See the "DETAILS" for an example of how this is expected to be used.

           This module is configured only once in your application. The other modules which make
           your website do not need to require this plugin, instead they can "use Log::Report" to
           get useful functions like error and fault.

   Handlers
       All the standard Log::Report functions are available to use. Please see the "The Reason
       for the report" in Log::Report for details of when each one should be used.

       Log::Report class functionality to class messages (which can then be tested later):

         notice __x"Class me up", _class => 'label';
         ...
         if ($msg->inClass('label')) ...

       Dancer2::Plugin::LogReport has a special message class, "no_session", which prevents the
       message from being saved to the messages session variable. This is useful, for example, if
       you are writing messages within the session hooks, in which case recursive loops can be
       experienced.

       $obj->alert()
       $obj->assert()
       $obj->error()
       $obj->failure()
       $obj->fault()
       $obj->info()
       $obj->mistake()
       $obj->notice()
       $obj->panic()
       $obj->success()
           This is a special additional type, equivalent to "notice".  The difference is that
           messages using this keyword will have the class "success" added, which can be used to
           color the messages differently to the end user. For example,
           Dancer2::Plugin::LogReport::Message#bootstrap_color uses this to display the message
           in green.

       $obj->trace()
       $obj->warning()

DETAILS

       This chapter will guide you through the myriad of ways that you can use Log::Report in
       your Dancer2 application.

       We will set up our application to do the following:

       Messages to the user
           We'll look at an easy way to output messages to the user's web page, whether they be
           informational messages, warnings or errors.

       Debug information
           We'll look at an easy way to log debug information, at different levels.

       Manage unexpected exceptions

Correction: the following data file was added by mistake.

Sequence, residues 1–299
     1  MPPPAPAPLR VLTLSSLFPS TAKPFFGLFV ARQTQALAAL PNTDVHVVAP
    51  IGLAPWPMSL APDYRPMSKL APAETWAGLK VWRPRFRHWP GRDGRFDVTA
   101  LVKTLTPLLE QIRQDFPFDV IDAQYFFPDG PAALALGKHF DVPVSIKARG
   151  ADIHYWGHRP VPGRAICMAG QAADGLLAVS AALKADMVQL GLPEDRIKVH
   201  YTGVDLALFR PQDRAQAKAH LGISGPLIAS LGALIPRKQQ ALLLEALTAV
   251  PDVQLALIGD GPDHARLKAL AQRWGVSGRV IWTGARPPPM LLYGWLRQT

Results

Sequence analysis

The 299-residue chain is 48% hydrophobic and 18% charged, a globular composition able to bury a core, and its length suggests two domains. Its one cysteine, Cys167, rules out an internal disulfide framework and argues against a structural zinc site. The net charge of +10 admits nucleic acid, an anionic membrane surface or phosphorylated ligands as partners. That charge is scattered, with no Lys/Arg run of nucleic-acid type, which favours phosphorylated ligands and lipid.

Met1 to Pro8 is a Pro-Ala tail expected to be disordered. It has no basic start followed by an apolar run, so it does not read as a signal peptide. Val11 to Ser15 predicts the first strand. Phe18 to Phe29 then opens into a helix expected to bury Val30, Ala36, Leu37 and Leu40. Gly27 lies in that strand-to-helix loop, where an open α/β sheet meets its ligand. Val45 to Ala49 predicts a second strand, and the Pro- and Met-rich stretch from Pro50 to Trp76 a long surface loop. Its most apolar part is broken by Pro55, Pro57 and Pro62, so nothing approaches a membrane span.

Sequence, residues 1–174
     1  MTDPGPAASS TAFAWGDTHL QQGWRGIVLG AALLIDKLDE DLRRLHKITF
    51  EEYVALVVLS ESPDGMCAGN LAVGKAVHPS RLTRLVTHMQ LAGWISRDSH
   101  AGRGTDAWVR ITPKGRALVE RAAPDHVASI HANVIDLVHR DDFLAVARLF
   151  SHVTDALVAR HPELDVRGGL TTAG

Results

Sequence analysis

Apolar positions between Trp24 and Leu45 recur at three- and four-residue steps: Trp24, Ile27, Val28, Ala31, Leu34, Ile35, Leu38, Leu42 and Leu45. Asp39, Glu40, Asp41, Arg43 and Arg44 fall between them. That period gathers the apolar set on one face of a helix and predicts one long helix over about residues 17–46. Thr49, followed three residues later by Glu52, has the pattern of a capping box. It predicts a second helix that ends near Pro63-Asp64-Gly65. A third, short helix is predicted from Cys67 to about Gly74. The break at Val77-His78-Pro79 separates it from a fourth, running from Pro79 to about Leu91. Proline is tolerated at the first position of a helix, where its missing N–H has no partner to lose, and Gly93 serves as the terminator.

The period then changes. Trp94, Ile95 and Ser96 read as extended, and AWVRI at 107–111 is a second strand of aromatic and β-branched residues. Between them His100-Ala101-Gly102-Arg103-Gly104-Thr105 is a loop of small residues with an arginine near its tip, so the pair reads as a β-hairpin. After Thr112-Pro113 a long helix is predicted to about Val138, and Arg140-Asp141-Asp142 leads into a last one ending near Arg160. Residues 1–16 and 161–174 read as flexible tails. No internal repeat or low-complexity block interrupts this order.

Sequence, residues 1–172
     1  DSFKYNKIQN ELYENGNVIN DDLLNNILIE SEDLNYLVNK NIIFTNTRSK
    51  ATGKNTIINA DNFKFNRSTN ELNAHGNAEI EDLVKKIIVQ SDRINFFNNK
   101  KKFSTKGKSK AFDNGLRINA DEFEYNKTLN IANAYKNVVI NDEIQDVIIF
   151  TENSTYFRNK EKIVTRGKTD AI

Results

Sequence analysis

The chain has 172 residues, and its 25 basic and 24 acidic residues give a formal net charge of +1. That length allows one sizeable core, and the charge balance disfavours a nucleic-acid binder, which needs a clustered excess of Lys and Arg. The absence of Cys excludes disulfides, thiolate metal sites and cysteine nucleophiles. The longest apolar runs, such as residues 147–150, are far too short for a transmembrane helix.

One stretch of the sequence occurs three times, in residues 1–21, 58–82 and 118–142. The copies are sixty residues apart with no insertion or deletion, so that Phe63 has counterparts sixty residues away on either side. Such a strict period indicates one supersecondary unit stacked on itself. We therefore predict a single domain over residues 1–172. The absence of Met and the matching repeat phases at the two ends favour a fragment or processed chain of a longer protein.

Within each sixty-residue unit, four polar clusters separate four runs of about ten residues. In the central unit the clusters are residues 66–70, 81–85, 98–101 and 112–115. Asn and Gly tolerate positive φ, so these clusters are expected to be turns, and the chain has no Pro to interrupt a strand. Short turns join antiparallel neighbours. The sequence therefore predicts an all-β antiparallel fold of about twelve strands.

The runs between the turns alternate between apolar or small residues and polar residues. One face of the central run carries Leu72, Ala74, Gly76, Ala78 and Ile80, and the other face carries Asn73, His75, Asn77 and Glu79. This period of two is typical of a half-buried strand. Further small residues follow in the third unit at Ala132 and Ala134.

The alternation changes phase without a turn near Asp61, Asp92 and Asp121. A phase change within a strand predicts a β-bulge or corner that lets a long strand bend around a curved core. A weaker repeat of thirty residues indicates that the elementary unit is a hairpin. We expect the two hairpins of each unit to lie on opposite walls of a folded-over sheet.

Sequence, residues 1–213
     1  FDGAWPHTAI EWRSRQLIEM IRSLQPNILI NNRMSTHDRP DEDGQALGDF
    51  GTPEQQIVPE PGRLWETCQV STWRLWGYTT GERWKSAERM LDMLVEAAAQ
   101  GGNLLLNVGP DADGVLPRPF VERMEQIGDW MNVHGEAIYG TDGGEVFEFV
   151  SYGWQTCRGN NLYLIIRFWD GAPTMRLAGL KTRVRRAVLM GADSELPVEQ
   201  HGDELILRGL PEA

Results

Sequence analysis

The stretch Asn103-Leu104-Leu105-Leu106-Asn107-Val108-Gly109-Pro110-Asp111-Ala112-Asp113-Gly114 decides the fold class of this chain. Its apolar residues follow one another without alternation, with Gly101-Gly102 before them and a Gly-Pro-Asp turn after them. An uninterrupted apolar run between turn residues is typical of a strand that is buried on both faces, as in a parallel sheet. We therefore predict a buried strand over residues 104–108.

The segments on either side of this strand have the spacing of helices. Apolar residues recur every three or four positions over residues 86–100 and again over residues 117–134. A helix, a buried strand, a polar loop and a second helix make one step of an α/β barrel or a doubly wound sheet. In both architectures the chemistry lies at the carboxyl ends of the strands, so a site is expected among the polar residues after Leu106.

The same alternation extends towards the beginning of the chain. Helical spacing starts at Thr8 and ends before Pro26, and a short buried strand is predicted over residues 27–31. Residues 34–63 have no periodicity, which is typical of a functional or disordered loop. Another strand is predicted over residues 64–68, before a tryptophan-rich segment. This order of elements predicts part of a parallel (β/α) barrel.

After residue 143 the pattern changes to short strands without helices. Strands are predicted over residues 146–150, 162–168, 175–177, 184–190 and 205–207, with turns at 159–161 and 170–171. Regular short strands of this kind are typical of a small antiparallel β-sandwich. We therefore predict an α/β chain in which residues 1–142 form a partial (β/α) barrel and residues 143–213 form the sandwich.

We'll handle unexpected exceptions cleanly, in the unfortunate event that they happen
           in your production application.

       Email alerts of significant errors
           If we do get unexpected errors then we want to be notified them.

       Log DBIC information and errors
           We'll specifically look at nice ways to log SQL queries and errors when using
           DBIx::Class.

   Larger example
       In its simplest form, this module can be used for more flexible logging

         get '/route' => sub {
             # Stop execution, redirect, and display an error to the user
             $name or error "Please enter a name";

             # The same but translated
             $name or error __"Please enter a name";

             # The same but translated and with variables
             $name or error __x"{name} is not valid", name => $name;

             # Show the user a warning, but continue execution
             mistake "Not sure that's what you wanted";

             # Add debug information, can be caught in syslog by adding
             # the (for instance) syslog dispatcher
             trace "Hello world";
          };

   Setup and Configuration
       To make full use of Log::Report, you'll need to use both Dancer2::Logger::LogReport and
       Dancer2::Plugin::LogReport.

       Dancer2::Logger::LogReport

       Set up Dancer2::Logger::LogReport by adding it to your Dancer2 application configuration
       (see Dancer2::Config). By default, all messages will go to STDERR.

       To get all message out "the Perl way" (using print, warn and die) just use

         logger: "LogReport"

       At start, these are handled by a Log::Report::Dispatcher::Perl object, named 'default'.
       If you open a new dispatcher with the name 'default', the output via the perl mechanisms
       will be stopped.

       To also send messages to your syslog:

         logger: "LogReport"

         engines:
           logger:
             LogReport:
               log_format: %a%i%m      # See Dancer2::Logger::LogReport
               app_name: MyApp
               dispatchers:
                 default:              # Name
                   type: SYSLOG        # Log::Reporter::dispatcher() options
                   identity: myapp
                   facility: local0
                   flags: "pid ndelay nowait"
                   mode: DEBUG

       To send messages to a file:

         logger: "LogReport"

         engines:
           logger:
             LogReport:
               log_format: %a%i%m      # See Dancer2::Logger::LogReport